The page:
Then there's Mario's older brother Lincoln, who has maintained at least the spirit of Papa Diaz-Balart's fight. In 1985, for example, he publicly supported Orlando Bosch, the anti-Castro terrorist whom exile leaders celebrated as a hero upon his return to Miami from a Venezuela prison. The Cuban government still accuses him of planning the bombing of a Cubana de Aviación jetliner in 1976, killing 73 people. Bosch denies involvement but last year told New Times none of the victims were innocent.
Mario is following in the footsteps of Lincoln, who after six years in the Florida legislature was elected to serve U.S. House District 21 in 1992. Throughout the Eighties Mario had gained valuable political experience campaigning -- but not for Republicans, for Democrats. In 1982 he became South Florida coordinator for former Florida governor (and Carter administration trade representative) Reubin Askew's unsuccessful bid for the 1984 Democratic presidential nomination. Also in 1984 Mario was manager for the re-election campaign of state Rep. Art Simon, another Democrat. But Mario was a Republican by 1988 when he was elected to Javier Souto's old Florida House seat in a district where a Democrat dared not compete. In 1992 he became a state senator; he returned to the House in 2000.
The closing flourish of his strip-mall speech might well have perplexed Collier County Anglos, but was a surefire crowd-pleaser among elderly Cuban Americans with a nostalgia for the pre-Castro years. It was an adage by General Mario Menocal, who seized power in Cuba in 1930 and was friends with Diaz-Balart's grandfather and great-uncle. "General Menocal had a love of loyalty and friendship. And friendship and loyalty is something my family always tries to maintain," Diaz-Balart declared. "Menocal had a saying that I learned as a child. He said, 'For my enemies, justice. For my friends, everything.'" The crowd cheered, then turned its attention to the giant paella as the salsa band kicked in.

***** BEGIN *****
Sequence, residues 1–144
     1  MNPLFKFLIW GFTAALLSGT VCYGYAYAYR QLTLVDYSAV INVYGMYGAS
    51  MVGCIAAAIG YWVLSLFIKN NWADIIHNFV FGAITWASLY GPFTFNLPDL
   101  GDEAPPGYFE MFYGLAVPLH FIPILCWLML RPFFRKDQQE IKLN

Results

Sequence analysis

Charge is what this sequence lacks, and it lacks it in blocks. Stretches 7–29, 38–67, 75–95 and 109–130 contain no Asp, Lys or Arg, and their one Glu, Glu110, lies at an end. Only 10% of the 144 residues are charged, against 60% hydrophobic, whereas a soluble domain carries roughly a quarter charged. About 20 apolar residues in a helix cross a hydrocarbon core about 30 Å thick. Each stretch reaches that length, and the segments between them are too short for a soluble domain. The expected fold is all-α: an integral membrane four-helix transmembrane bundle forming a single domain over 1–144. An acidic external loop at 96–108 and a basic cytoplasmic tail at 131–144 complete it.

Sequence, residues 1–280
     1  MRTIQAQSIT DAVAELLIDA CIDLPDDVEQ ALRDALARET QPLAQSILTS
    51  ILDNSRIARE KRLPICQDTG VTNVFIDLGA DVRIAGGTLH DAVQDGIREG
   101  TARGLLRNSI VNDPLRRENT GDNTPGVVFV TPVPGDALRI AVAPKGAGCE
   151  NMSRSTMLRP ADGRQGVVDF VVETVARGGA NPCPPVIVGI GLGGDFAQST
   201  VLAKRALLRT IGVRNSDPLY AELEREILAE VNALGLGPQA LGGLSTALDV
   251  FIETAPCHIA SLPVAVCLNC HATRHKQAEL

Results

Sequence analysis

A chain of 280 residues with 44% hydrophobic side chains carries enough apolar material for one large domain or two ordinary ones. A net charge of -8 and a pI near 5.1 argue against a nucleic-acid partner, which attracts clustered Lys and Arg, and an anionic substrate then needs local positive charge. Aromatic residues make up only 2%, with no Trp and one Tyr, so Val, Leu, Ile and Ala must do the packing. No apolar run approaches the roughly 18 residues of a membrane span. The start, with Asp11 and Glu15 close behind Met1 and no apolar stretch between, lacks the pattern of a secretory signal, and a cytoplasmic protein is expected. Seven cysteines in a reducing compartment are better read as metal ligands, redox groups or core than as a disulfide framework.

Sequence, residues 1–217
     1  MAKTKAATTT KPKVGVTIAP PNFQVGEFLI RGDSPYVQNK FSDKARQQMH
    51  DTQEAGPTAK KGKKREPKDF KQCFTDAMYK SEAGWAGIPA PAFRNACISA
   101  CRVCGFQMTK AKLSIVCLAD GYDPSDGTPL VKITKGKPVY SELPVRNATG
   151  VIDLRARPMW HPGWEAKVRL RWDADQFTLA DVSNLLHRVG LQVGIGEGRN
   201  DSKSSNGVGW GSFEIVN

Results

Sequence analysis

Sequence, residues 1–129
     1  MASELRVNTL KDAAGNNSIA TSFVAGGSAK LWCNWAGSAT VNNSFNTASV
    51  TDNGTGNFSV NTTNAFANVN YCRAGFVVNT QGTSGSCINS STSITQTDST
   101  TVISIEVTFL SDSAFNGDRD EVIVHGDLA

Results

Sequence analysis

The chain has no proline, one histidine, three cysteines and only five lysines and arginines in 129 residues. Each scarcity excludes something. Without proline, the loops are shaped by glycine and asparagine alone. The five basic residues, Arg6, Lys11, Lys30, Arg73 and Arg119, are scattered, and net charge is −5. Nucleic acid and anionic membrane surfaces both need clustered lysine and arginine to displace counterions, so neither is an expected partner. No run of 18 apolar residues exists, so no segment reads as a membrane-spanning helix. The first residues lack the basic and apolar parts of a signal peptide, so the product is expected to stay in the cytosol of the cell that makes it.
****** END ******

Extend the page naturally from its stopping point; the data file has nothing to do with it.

For many at the party, including 66-year-old Francisco Espino, to be Cuban is to support the embargo. That is the main reason he and his wife Marilyn del Toro, who moved to Miami-Dade from New Jersey two years ago, are supporting Diaz-Balart over Betancourt. "She is also Cuban, but she is against what we Cubans feel," he explained. Espino, an affable retired supermarket worker, also suspects that Betancourt's campaign is being managed from Cuba. He believes powerful groups have kept Americans ignorant of the repression in Castro's Cuba. "There is a Left that is very deep in the universities and in the press [in the United States]," he added. "This country has problems because there is a very strong Leftist consciousness in this country."